Thursday, May 31, 2012

Todd Rhodes

Mostly instrumental R&B Lp on the Contact Record label from Denmark - a compilation of tracks from the 50's. "Todd Rhodes (August 31, 1900 – June 4, 1965)[1] was an American pianist and arranger and was an early influence in jazz and later on in R&B. He was born Todd Washington Rhodes, in Hopkinsville, Kentucky. Rhodes attended both the Springfield School of Music and the Erie Conservatory, studying as pianist and songwriter. In the early 1920s he played with Benny Carter, Coleman Hawkins, Fats Waller, Rex Stewart, Doc Cheatham, and Don Redman in McKinney's Cotton Pickers, a jazz group. Rhodes lived and played in Detroit in the 1930s. In the late 1940s he started his own group, Todd Rhodes and His Toddlers, and started doing more R&B arrangements. With his Toddlers, he recorded "Your Daddy's Doggin' Around" and "Your Mouth Got a Hole In It." Rhodes also worked with Hank Ballard, The Chocolate Dandies and Wynonie Harris. He featured African American female lead singers, such as Connie Allen, who recorded "Rocket 69" in 1951. After she left the band in early 1952, her position was taken by LaVern Baker. Rhodes died in June 1965 in Detroit, at the age of 64." Todd Rhodes - Side One

Monday, May 28, 2012

Maitre Gazonga

Wonderful LP of soukous from central Africa. Recorded in Paris on the Tangent label in the 80's. Wikipedia says - "Born in 1948 in Chad and died on 1 st April 2006 in N'Djamena , Master Gazonga whose real name is Saleh Ahmat Rougalta is undoubtedly singer Chad best known through his country. He is also in Africa after MC Solaar Barely reaching his twenties, Saleh Ahmat had to discover his love for music. He entered the group International Chalal he was a founding member. He recorded his first album Golden Africa in Abidjan in 1984 . He skirted other singers like Manu Dibango , Tiken Jah Fakoly , etc.. Saleh Ahmat just felt a headache that worsened thereafter. He was transported to the "Pavilion of urgency" of the Hopital General de Reference National (HGRN) Capital ndjamenoise . The Master's death coincides with the date of April Fools (1 st April), which is why most of his fans did not believe the news of his death. Gazonga master and his group Chalal had found a way to tour around the Chad while being properly paid a . Gazonga knowing that in rural areas people are often poor, have no money but still want to have fun, the group gave concerts for several months in all regions of Chad, where villagers could pay with that 'they had: the sorghum , the rice , the dried fish , and chicken , the beans ... And the concerts were very successful as well. And while the band went from village to village, two trucks were making round trips to the capital N'Djamena , to sell at the market recovered some of the goods, the other being given directly to the families of musicians. The money collected was able to pay salaries and the profits they could repeat the rest of the year and record some new songs." Tracks are as follows - !. Les Jaloux Saboteurs 2. Koysse Maitre Gazonga - Side One

Sunday, May 27, 2012

Celestine Ukwu

Celestine Ukwu - Side One.
A Nigerian LP on the Philips label I've had for a number of years, originally bought at Cheshire Street in the East End of London I think. Delightful ju ju music with xylophone and jazzy brass section. "Born in 1940, Celestine was educated musically by his uncle who taught him how to read music and play harmonium. His grandmother was a folk musician and dancer and his father, who worked as a coal miner, was a popular local performer of igede, ikpa and ode music. His mother was lead singer for a women's dance troupe. After Catholic primary school, where he excelled in drama and music, Celestine went to teacher training school for two years, dropping out in 1960 to join Mike Ejeagha's group as vocalist and maraca player. But he soon left to join a group led by Mr Picolo who were going to tour the Congo. Thus an early exposure to Congolese music had a huge impact on his own musical formation. On his return to Nigeria he briefly joined a group called African Baby Party. Three months later he moved to Maiduguri and formed Freedom Jazz Band, but then he moved to Zaria and formed The Republic Knights with Charles Jebba. But he moved again, to Onitsha, where he fronted the Niger City Starlighters. With this formation he made his debut recordings, and scored hits with "No Condition is Permanent," "Artificial Beauty," "Appolonia," and "Ije Enu." This latter song sold 200,000 copies in 3 months. After nine months he decided to start anew and with the help of Matthias Okafor who owned the Frontline Hotel, Onitsha, and who rented instruments for him, Ukwu was able to start Celestine Ukwu & His Music Royals of Nigeria in April 1962. The band was a huge success for five years. In 1967 the Biafran War broke out and the non-Biafran members of the band fled, while Ukwu recorded "Hail Biafra!" and did his bit to boost morale during the strife. In addition to singing he also played drums and vibraphone on his recordings. The band toured neighbouring countries and even went to West Germany. In 1972 students at the University of Nigeria renamed his band the Philosophers National. In 1977 at the age of 37, Ukwu died in a car wreck." Biography courtesy of Tracks are - 1. Ejim Nke Onye 2. Ima Echi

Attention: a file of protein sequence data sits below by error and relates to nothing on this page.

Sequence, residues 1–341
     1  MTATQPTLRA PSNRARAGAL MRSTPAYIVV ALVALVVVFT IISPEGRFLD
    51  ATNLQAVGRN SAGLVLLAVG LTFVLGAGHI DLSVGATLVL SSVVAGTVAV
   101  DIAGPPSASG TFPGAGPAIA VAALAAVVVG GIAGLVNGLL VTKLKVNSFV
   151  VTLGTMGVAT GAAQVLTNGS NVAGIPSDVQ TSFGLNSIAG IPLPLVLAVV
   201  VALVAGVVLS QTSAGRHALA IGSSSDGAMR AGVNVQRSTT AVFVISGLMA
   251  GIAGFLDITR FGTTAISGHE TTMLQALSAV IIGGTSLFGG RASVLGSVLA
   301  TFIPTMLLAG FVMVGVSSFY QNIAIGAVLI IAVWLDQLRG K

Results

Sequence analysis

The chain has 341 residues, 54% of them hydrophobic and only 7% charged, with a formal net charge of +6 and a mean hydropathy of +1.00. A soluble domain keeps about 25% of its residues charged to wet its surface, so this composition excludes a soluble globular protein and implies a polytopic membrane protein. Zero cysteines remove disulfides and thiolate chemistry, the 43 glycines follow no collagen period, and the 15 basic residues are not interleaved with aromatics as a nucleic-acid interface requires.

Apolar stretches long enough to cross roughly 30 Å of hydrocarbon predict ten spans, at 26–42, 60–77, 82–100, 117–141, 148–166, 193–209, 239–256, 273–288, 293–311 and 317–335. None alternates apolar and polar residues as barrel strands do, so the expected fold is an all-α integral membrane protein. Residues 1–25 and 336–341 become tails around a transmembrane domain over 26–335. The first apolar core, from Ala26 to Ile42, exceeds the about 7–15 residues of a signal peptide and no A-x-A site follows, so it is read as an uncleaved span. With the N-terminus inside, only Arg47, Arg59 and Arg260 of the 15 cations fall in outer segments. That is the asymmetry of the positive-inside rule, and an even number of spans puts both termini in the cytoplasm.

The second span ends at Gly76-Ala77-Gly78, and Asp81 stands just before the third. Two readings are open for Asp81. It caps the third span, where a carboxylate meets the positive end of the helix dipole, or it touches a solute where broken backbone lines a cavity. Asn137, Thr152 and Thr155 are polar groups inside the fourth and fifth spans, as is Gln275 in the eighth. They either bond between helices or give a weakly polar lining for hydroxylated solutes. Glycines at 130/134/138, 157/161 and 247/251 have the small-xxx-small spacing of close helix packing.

Saturday, May 26, 2012


LP I bought in a library sale many years ago. Film soundtrack on the EMI label from 1953.
Features the beautiful voice of Lata Mangeshkar. Wikipedia says - " Anarkali (Hindi: अनारकली, Urdu: اناركلی) is a 1953 film based on the historical legend of the Mughal emperor Jahangir. As per the legend Jahangir revolted against his father Akbar over his love for a common girl called Anarkali. It was the top grossing Hindi film in the year of its release, and one of the biggest Hindi film hits in its decade. Another film on the same theme was Mughal-e-Azam, made in 1960, which was again a major commercial and critical hit." Anarkali - Side One.

Thursday, May 24, 2012